- Containers and dispenser cartridges containing handrub should be stored in a cool place away from sources of ignition. This also applies to used containers that have not been rinsed with water.
- Used containers and dispensers will contain gel residues and flammable vapours.
- Rinsing out used containers with large quantities of cold water will reduce the risk of fire and the containers may then be recycled or disposed of in general waste.
Location of dispensers
- Handrub dispensers should not be placed above or close to potential sources of ignition, such as light switches and electrical outlets, or next to oxygen or other medical gas outlets, due to the increased risk of vapours igniting.
- Handrub dispensers should not be sited in any corridor that forms part of a means of escape (i.e. outside the ward). Fire Safety Advisors may need to be consulted. If dispensers are placed in a circulation area within a ward (e.g. outside bedded areas) it is recommended that they are at least 1.2 metres apart, the circulation area is at least 2 metres wide and the maximum container size is 1 litre.
- The siting of handrub dispensers above carpets is not recommended due to the risk of damage and lifting/warping of carpets.
- Consideration should be given to the risks associated with spillage onto floor coverings, including the risk of pedestrian slips.
- This advice is based on a Fire Modelling Analysis Report prepared for the American Society for Healthcare Engineering (ASHE) in the US in 2003.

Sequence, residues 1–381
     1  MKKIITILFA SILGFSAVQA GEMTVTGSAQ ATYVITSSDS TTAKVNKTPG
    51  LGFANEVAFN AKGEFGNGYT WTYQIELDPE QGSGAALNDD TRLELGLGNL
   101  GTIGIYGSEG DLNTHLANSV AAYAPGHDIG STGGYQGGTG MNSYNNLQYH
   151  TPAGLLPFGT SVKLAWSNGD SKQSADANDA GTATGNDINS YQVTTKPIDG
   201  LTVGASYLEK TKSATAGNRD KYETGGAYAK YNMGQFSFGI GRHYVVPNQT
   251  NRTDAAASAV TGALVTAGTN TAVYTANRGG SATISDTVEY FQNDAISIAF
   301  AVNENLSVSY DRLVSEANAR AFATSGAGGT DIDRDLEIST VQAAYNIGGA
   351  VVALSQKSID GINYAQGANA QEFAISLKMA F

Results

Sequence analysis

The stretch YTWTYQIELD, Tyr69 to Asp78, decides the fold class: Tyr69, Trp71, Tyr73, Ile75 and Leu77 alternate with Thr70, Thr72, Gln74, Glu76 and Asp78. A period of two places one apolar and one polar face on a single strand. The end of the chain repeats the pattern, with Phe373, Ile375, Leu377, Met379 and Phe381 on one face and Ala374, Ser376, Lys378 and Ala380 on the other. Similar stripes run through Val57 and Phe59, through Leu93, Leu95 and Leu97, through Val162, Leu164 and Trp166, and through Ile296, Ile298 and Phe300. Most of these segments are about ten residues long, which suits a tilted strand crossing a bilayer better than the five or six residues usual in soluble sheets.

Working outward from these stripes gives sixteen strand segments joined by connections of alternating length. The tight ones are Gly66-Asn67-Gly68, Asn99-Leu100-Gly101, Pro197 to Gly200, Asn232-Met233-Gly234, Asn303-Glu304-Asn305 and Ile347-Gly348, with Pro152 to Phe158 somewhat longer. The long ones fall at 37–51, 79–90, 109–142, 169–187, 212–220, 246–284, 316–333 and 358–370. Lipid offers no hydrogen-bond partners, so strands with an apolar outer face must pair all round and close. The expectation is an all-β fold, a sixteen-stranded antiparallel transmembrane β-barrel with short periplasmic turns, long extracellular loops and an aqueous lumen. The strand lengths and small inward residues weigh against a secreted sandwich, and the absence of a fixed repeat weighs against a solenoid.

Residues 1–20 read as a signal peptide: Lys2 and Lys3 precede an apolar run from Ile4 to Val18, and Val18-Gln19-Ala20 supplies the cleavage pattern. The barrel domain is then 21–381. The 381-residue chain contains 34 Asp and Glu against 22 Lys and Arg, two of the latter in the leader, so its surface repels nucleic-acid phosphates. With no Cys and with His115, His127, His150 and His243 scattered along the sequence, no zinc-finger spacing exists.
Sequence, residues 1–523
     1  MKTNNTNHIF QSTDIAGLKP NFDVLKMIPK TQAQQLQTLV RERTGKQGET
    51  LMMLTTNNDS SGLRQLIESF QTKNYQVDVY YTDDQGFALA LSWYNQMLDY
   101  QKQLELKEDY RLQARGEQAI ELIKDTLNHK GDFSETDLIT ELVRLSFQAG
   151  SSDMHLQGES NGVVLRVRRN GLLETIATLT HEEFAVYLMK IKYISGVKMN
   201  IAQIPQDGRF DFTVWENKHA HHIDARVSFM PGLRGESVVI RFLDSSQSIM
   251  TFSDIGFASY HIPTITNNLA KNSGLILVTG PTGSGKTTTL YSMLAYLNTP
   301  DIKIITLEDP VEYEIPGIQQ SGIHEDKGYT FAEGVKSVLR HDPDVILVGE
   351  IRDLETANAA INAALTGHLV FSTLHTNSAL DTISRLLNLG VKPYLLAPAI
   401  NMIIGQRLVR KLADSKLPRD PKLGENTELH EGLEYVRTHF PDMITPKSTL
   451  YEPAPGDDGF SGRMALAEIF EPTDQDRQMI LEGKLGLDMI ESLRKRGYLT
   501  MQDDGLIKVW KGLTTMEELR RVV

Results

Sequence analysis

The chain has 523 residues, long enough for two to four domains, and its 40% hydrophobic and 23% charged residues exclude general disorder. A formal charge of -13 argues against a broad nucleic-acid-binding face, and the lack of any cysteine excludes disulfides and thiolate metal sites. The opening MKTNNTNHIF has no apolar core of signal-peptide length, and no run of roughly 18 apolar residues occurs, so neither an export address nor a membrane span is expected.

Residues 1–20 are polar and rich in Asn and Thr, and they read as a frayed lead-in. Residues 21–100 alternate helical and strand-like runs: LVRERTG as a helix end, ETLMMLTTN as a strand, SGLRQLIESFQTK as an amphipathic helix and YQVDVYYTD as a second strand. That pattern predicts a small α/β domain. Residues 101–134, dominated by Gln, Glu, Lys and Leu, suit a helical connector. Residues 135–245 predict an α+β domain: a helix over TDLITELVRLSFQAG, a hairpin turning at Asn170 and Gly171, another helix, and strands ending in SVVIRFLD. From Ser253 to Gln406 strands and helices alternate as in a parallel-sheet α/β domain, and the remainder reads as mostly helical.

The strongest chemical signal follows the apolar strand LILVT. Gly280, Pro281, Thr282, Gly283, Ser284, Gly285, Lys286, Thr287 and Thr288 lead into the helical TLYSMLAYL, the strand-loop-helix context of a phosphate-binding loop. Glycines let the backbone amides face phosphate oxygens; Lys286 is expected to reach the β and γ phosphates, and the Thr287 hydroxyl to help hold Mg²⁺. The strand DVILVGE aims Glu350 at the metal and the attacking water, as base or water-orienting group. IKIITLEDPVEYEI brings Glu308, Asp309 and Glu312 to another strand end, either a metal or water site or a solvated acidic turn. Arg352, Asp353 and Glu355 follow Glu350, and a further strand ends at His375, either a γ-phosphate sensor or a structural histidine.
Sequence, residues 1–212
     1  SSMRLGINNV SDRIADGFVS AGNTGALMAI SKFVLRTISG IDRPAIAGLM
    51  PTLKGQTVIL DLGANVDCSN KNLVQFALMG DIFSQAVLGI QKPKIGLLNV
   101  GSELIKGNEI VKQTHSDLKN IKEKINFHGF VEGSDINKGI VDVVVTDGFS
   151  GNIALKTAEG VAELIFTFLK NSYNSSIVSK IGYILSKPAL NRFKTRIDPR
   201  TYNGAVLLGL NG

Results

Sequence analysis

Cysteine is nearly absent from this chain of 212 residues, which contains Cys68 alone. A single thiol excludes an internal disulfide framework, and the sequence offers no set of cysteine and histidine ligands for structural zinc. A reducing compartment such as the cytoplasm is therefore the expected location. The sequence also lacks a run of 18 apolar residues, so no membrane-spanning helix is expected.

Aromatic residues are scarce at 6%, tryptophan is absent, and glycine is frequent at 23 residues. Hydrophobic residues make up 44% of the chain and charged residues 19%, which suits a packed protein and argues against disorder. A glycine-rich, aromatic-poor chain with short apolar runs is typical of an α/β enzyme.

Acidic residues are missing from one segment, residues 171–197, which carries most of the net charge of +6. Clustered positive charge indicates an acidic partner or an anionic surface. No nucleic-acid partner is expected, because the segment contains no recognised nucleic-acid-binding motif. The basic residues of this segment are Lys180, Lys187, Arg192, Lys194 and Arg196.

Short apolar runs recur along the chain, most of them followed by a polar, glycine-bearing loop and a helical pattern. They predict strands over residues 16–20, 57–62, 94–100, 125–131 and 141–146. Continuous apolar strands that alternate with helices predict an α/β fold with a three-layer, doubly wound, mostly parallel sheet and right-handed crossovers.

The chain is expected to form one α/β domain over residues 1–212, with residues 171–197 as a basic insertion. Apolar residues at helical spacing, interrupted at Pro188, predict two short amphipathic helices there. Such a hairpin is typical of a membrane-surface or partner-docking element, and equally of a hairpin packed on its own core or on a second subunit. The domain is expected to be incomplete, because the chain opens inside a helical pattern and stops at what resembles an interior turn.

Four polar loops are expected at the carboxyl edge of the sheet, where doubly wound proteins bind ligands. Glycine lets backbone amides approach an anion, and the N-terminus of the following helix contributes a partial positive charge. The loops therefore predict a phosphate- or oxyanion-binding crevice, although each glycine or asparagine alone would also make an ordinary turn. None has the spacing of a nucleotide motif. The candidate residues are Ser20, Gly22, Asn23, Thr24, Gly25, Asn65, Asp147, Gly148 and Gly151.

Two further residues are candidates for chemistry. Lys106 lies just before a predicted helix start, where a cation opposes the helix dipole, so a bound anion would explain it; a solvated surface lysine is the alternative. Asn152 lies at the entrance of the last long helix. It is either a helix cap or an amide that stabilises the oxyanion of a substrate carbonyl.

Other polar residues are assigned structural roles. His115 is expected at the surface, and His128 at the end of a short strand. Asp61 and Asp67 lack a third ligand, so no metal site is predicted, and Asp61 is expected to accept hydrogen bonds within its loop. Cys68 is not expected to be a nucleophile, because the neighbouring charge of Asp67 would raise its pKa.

- Regions should check with local regulatory agencies for specific guidelines.
Patients and visitors
- Clear instructions for use should be displayed at handrub dispenser points intended for use by visitors to clinical areas.
- These should include warnings not to use excessive amounts, and not to smoke immediately after use.
- Significant spillages should be dealt with immediately by removing all sources of ignition, ventilating the area and diluting with water (to at least ten times the volume).
- The fluid should then be absorbed by an inert material such as dry sand (not a combustible material such as sawdust) which should then be disposed of in a chemical waste container.
- Vapours should be dispersed by ventilating the room (or vehicle) and the contaminated item should be put in a plastic bag until it can be washed and/or dried safely.
N.B. Fighting a large (i.e. bulk storage) alcohol fire using water or aqueous (water) film-forming foam (AFFF) extinguishers may be ineffective and may spread the fire over a larger area rather than put it out.
Q: Where should alcohol-based handrub dispensers be located?
A: As described within the risk minimization section, handrub dispensers should not be placed above or close to potential sources of ignition, such as light switches and electrical outlets, or next to oxygen or other medical gas outlets, due to the increased risk of vapours igniting.